Inherent Risk & Control Risk

Instructor: James Blackburn

James has an MBA from Auburn University and a MA in Humanities from Cal State-Dominguez Hills He writes on leadership, business strategy and finance.

In this lesson, we will define risk. We will also identify the various types of risks found in the accounting and finance professions. We will explore the reasons for the risk and provide examples of each type.

Deficient Accounting Controls

In 2014, the total cost of replacing a 53 cent ignition switch for over 2.6 million General Motors cars was over $4 billion. Adding insult to injury, the Security and Exchange Commission (SEC) charged GM with a failure to assess the financial impact of its recall on its financial statements. In January of 2017, General Motors settled with the SEC for $1 million. The Commission cited a general failure to share the recall information with the accountants, resulting in a misstatement of risk in its annual reports.

Risk

Risk is the probability of loss. In business, risk is defined as the probability that either an unexpected event, error or oversight will result in financial loss. Identifying and reporting the risk of a financial loss is required for all publicly traded companies to provide investors with relevant information about the current and future operation of the company.

Regulatory Protection

As investors, we find comfort that the government creates and enforces regulations to protect the financial well-being of those investing in publicly traded companies. The Sarbanes Oxley Act is one of those regulations. Section 404 of this act deals with the internal controls at publicly traded companies that are designed to protect the company and its investors from risks.

Types of Risks

Risks come in many forms. They are normally classified as one of three types: inherent risk, control risk and detection risk. Inherent risks are the natural probabilities that an error will occur in any process or activity. Control risks are the probabilities that a process or activity designed to protect against risk will fail. And detection risks are the probabilities that an auditor will fail to identify a risk during their examination. Our lesson will focus on inherent risks and control risks.

Three types of risk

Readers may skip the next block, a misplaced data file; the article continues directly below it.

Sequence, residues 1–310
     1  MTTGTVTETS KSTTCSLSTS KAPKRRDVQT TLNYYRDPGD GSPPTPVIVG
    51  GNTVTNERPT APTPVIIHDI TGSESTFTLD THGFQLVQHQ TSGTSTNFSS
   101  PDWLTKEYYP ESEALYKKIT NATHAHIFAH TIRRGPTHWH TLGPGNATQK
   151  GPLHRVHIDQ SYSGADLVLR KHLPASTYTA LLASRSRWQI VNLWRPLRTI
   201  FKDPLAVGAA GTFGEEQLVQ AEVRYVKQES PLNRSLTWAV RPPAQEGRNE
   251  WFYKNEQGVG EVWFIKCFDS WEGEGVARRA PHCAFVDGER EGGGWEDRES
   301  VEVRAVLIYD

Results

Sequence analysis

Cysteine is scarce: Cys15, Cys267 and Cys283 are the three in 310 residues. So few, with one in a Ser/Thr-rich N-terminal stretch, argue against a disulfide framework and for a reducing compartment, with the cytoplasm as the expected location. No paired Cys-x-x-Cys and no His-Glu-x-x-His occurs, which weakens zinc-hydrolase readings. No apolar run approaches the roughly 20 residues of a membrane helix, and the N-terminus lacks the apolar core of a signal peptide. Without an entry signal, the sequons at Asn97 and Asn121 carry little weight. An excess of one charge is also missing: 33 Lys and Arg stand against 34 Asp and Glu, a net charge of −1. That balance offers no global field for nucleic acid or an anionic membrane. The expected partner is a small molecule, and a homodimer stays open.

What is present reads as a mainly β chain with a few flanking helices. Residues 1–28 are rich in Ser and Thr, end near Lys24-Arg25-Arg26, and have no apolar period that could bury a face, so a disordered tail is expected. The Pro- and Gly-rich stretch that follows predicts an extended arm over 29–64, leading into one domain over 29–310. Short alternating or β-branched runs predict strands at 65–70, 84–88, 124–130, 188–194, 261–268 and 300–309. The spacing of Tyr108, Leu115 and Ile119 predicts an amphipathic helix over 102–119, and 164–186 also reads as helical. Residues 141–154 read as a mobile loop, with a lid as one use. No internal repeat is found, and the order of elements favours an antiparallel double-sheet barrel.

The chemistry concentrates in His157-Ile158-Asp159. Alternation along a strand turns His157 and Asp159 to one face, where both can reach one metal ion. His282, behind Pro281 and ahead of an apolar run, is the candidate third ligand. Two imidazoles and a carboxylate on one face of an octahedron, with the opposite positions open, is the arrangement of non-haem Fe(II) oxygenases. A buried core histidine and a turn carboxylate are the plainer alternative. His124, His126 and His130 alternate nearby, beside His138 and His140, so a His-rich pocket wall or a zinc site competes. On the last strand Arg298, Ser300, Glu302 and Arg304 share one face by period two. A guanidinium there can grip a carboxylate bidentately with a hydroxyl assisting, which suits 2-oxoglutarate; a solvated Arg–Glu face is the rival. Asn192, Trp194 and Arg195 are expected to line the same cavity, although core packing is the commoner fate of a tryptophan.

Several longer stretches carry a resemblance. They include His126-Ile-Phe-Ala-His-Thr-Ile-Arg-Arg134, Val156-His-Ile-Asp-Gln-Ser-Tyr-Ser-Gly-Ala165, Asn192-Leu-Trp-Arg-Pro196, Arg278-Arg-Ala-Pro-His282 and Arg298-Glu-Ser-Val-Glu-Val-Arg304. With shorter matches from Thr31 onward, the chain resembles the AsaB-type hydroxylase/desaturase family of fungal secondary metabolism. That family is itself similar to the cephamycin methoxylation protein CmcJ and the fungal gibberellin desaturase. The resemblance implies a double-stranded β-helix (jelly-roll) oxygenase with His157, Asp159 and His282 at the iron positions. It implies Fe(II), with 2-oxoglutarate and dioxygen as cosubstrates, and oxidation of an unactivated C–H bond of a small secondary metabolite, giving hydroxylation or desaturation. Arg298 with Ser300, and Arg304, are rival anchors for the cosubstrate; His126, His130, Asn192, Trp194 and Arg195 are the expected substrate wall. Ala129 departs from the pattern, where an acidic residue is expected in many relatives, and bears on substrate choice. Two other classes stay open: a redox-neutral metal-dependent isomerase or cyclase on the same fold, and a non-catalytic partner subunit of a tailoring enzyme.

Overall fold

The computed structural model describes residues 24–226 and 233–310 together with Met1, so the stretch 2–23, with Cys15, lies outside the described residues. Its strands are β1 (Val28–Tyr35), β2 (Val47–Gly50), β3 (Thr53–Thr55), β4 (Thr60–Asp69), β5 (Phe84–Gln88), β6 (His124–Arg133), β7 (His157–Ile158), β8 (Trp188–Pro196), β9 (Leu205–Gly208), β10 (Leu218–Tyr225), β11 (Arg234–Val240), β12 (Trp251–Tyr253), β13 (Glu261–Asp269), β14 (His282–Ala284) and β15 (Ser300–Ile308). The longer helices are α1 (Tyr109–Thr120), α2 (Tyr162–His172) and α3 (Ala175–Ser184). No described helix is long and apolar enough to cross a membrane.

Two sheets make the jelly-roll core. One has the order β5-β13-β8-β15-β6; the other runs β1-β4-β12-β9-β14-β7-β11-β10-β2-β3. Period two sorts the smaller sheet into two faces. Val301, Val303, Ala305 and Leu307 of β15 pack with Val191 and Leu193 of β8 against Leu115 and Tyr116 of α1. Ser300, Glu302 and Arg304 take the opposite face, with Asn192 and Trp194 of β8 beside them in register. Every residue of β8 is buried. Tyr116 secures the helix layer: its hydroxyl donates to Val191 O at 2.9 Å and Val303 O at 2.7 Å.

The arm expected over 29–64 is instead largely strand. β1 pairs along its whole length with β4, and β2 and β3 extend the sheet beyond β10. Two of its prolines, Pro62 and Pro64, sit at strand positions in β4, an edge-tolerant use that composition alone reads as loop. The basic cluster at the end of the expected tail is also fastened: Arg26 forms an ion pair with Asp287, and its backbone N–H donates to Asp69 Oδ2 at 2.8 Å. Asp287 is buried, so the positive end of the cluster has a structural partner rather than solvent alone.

Inherent Risk

All activities have risk. Through no fault of the employee, an error or event may occur that results in a financial loss. Notice, I mentioned an error or event. An error is normally made by a person. An event occurs unexpectedly, like a storm. Of course, businesses can purchase insurance to protect against natural storms. But, a financial storm, such as the one GM faced because of its faulty ignition switch, is difficult to insure against. The GM scenario is a good example of both types of risks.

The more common form of inherent risk is human error. Everyone make mistakes. When we rush or are under intense pressure, our natural tendency to make errors increase from the accepted 5% to a dangerous 25%. When we are interrupted, we experience error rates higher than normal. We either completely start over or we lose track of where we are in a process and skip a critical step. And, when the task work is complicated and requires significant interpretation and judgement, our tendency to discount the information required creates a higher risk of an error. The failure to share recall information with accounting may have simply been a misjudgment of the impact of the risk by the engineering group.

Another example of an inherent risk is the month end close process. Companies gather and record accounting information all through the month, and at the end of every month, they compile this information into useable reports used for internal decision-making. At the end of the quarter or year, they may prepare similar reports for investors. It's a complicated activity, with many long hours, and very high pressure. Since the information recorded is normally generated elsewhere, accountants rely on information from other areas of the business. During the month, the accountants have time to check if the data is accurate. But, during the crunch time at month's end, it's very easy to miss something that is critical to providing accurate information.

Inherent Risks

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